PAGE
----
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Alcohol abuse linked to weight-loss surgery
Posted By Howard LeWine, M.D. On June 19, 2012 @ 2:24 pm In Addiction,Behavioral Health,Diet and Weight Loss | Comments Disabled
For people who are obese, the operation known as gastric bypass surgery has been hailed as something of a miracle. In addition to rapid weight loss, it can reverse diabetes and reduce the risk of heart disease. A new study reveals potential darker side—an increase in alcohol abuse.
In a presentation at yesterday’s annual meeting of the American Society for Metabolic and Bariatric Surgery, researchers reported that almost 11% of nearly 2,000 men and women who underwent gastric bypass surgery (the most common type of obesity surgery) got in trouble with drinking by the second year after surgery. About 7% drank too much before the operation, representing a 50% increase. The results were simultaneously released online by the Journal of the American Medical Association.
This finding shouldn’t steer people who could benefit from gastric bypass surgery away from the procedure. But it should prompt them—and their doctors—to be on the lookout for changes in alcohol use or abuse afterward.
In a gastric bypass procedure (sometimes called a Roux-en-Y procedure), a surgeon uses staples to create a small pouch in the stomach. This essentially separates the pouch from the rest of the stomach. The pouch is then connected to a loop of the small intestine that is beyond its first section (see the figure below). The smaller stomach pouch makes a person feel full after eating a small amount of food. Bypassing the first section of the intestine also makes it more difficult for the body to absorb calories.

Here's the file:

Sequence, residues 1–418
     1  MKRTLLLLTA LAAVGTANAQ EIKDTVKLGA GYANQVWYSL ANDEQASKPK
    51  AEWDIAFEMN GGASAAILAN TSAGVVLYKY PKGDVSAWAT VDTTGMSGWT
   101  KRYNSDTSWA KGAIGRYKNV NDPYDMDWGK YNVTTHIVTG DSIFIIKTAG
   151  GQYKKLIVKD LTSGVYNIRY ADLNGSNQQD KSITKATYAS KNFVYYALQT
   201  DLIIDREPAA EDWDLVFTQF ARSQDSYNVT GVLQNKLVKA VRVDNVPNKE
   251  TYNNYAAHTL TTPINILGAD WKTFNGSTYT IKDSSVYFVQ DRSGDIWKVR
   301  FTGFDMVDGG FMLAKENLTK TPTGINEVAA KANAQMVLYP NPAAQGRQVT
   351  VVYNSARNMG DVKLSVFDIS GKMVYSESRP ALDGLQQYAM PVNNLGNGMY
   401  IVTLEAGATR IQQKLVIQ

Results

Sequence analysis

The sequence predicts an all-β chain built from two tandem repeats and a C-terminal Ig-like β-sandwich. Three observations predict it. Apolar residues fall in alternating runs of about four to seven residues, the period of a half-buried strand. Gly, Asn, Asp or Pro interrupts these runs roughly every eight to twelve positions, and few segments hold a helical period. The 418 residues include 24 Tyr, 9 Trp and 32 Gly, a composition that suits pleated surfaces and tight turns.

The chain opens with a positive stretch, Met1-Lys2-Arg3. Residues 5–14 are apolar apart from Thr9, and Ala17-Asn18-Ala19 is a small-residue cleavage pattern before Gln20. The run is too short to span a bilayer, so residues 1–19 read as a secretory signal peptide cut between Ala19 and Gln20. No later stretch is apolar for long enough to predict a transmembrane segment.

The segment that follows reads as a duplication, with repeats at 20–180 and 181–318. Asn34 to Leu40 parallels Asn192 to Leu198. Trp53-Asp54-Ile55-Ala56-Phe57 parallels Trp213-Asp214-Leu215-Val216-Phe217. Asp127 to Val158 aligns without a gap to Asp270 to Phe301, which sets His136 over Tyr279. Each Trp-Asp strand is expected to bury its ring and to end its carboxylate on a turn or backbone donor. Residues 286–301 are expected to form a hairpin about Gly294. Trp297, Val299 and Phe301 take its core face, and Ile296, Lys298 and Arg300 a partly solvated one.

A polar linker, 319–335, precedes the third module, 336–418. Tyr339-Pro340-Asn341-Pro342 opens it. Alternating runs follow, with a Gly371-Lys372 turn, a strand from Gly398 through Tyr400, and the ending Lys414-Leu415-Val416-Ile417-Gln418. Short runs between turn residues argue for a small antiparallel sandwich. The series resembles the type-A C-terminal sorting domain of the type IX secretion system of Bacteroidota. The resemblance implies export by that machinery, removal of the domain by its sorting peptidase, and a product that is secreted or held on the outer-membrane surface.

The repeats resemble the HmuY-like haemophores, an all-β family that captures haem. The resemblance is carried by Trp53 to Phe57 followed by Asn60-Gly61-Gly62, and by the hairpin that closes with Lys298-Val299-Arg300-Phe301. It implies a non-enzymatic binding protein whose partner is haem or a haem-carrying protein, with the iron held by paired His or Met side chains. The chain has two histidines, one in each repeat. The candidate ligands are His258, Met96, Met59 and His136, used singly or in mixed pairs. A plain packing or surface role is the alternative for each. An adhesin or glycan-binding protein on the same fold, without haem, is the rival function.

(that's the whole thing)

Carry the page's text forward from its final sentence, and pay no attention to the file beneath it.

A less invasive approach is laparoscopic adjustable gastric banding. Working through small holes in the abdomen, a surgeon wraps an adjustable band around the upper stomach. This creates a small pouch with a narrow opening that empties into the rest of the stomach. Like gastric bypass, it makes a person feel full after eating only a small meal or snack. But it does not bypass the stomach.
The researchers could not pinpoint why gastric bypass may lead to problems with alcohol. But there are some possible explanations.
The stomach lining contains an enzyme called alcohol dehydrogenase that breaks down alcohol. When alcohol enters only a small stomach pouch, it comes in contact with less alcohol dehydrogenase, and so more of it enters the bloodstream.
This is similar why women are more sensitive to alcohol than men. Women have less alcohol dehydrogenase in their stomach linings than men, so more alcohol makes its way into the bloodstream. That’s why one alcoholic drink for a woman has about twice the effect as one for a man.
Interestingly, women in the study who had gastric bypass did not have a significant increased risk of alcohol use disorder. Men, especially young men, were at highest risk.
Earlier studies linking alcohol problems after gastric bypass surgery had researchers speculating that people were trading their addiction for food for an addiction to alcohol. This study discounts that idea, in large part because people who underwent gastric banding (in whom alcohol came in contact with the full stomach lining) were not more likely to develop alcohol problems.
If you are a candidate for obesity surgery and are thinking about having the procedure, talk with your doctor about all of the benefits and risks. If you have a gastric bypass, perhaps the safest thing to do is avoid alcohol completely for the first year. If you’d find that difficult to do, limit your alcohol use to one drink a few times per week. Be aware of how much alcohol you consume, and whether you feel it is causing problems in your life.
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